Debate on the 1st, 2nd and 3rd Quarters 2014/15 Public Works Reports

By Hon. Langa Bodlani:

Speaker

Honourable members

Ladies and Gentlemen

When the MEC delivered his budget speech for 2014/15 he assured the province that and I quote “we have plans in place to address the shortcomings the department has faced in the past. These plans address capacitation challenges as well as delivery challenges where infrastructure is concerned”.

It now appears that this assurance was no more than an empty promise.

The only visible and tangible plans so far achieved are the billboards in the province advertising the faces of the Premier, MEC and RAL’s CEO.

You see one as you drive on the Mandela Road from Seshego.

You wonder how much does it cost to maintain those billboards when our communities are up in arms in violent protests over bad roads infrastructure.

The MEC has assured us that R30 million has been set aside in this financial year to recruit built environment professionals.

This was the committee’s concern that if this matter of capacitation was not achieved, completion of designs would not be done in time.

This shortage is identified in the Limpopo Development Plan which posits on page 102 that “the provincial government requires at least two hundred and twenty two (222) registered built environment professional employees. However it currently has only eighteen (18) qualified professional employees relating to infrastructure”

The LDP underscores these constraints as the ‘primary cause of under spending on conditional grants, which is the main source of funding for capital expenditure.

We want to know MEC how have you proceeded with the recruitment of built environment professionals up to so far?

In the 4th Quarterly reports, the department failed to complete its projects planned for both in house projects and road infrastructure projects.

 

Honourable members  as I said,

It appears that the only projects the department is able to effectively complete are the billboards depicting their faces.

Again it appears that all the sources for bad negative AG opinions seem to be resurfacing in the quarters we are now debating.

Reliable asset register for the province was still an issue that the committee grappled with.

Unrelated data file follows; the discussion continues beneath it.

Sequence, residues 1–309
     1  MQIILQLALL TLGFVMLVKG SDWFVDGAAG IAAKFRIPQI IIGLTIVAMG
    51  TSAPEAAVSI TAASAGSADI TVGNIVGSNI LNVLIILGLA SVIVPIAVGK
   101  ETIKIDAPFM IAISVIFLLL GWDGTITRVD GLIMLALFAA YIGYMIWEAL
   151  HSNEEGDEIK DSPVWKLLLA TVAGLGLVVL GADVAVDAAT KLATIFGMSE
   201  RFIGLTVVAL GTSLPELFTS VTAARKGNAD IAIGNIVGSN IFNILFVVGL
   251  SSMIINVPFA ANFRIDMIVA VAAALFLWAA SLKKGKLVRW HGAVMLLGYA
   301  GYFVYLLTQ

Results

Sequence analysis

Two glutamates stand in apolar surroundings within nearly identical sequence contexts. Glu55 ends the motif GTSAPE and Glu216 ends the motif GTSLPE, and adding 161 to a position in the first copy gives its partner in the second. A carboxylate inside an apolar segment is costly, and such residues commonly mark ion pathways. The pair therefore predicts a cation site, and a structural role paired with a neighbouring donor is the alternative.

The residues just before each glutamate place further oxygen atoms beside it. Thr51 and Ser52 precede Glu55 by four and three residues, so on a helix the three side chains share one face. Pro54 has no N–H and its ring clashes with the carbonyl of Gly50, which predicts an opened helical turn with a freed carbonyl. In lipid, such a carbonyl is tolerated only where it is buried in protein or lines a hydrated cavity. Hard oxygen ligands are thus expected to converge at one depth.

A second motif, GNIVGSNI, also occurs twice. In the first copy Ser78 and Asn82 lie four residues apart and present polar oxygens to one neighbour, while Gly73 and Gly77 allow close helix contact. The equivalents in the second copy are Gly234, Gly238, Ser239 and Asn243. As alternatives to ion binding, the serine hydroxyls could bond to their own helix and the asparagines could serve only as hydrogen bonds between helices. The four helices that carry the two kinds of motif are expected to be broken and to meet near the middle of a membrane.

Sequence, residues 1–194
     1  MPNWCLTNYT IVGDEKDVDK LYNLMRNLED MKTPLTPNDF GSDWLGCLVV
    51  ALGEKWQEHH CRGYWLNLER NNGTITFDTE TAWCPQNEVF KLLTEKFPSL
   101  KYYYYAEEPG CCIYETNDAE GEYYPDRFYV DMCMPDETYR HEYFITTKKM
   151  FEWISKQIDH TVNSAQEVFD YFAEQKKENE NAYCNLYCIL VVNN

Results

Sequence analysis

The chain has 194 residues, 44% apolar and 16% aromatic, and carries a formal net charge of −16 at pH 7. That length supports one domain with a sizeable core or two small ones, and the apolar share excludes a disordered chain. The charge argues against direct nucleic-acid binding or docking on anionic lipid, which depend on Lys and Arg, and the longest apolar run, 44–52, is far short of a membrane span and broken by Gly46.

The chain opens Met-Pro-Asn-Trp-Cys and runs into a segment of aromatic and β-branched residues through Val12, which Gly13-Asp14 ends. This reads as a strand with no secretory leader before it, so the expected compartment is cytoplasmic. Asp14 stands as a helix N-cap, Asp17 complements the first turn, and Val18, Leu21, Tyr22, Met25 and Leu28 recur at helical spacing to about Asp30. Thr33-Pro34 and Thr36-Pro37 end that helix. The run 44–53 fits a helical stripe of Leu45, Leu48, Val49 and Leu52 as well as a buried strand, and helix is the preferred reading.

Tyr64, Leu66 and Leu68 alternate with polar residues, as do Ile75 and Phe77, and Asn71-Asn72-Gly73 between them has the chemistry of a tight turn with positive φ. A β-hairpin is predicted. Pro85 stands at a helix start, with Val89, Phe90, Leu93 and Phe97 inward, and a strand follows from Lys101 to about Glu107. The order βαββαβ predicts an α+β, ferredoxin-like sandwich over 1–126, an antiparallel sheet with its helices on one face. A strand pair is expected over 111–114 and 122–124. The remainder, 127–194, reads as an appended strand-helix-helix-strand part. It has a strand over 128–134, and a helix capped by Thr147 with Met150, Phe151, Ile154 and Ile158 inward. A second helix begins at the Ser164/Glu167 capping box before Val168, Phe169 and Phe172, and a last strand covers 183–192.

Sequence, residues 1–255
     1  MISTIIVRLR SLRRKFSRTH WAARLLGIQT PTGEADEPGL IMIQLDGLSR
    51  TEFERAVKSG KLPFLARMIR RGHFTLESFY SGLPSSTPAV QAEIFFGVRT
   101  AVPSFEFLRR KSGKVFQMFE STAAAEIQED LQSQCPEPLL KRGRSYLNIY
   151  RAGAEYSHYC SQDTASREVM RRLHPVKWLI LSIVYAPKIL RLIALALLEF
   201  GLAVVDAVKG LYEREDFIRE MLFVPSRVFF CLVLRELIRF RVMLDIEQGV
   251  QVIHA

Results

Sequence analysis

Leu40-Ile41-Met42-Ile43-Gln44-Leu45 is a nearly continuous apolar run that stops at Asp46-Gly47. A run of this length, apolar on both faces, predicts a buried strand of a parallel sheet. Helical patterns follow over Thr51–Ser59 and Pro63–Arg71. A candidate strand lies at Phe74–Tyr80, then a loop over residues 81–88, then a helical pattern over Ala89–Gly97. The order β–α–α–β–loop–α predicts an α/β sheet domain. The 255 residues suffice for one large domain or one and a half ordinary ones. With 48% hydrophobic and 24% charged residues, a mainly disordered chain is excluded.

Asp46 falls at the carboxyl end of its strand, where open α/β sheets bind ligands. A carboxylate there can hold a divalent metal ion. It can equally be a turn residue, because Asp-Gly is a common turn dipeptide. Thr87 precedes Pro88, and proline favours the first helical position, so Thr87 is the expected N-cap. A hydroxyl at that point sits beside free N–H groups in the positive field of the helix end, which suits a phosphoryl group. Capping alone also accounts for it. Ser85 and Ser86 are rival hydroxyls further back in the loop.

Again the issues pertaining to revenue collection as a result of government leases remain a thorn.

What further emerges from these reports is the issue of non-payment of contractors.

Whilst all measures must be taken to ensure that no one is paid without doing work, we must also be aware that those who have done proper work are not punished.

 

Honourable members

The reports under review all urge the department to appoint capable contractors.

We now must be way passed this sort of urging.

What we now must be saying rather is that should officials appoint contractors who do not fulfil the job specs, severe consequences will ensue against them.

We cannot continue as though we are hapless in the face of poor service delivery when monies are paid to contractors who cannot fulfil what they have been paid for.

MEC we must start taking action against the poor contractors and those who appoint them.

Debate on 2nd, 3rd and 4th Quarters 2013/14 Public Works Reports

By Hon. Langa Bodlani:

Speaker

Honourable members

Ladies and Gentlemen 

This department led by no less than the leader of government business in the province simply fails to extricate itself from sources of bad audit results.

It adds to our failure to attain a complete overhaul of proper management of our departments.

This being led by the most senior executive in our provincial government has to be an exemplar department for all others.

It does not appear that we are anywhere near to achieving the reversal of negative audits.

Speaker

All the quarterly reports of 2013/14 which are now debated point out to similar failures.

There is an acute failure with regards to internal controls leading to failures to trace monies deposited into the bank account.

If this does not make the department vulnerable to fraudulent transactions when it can be avoided then nothing else would.

Honourable members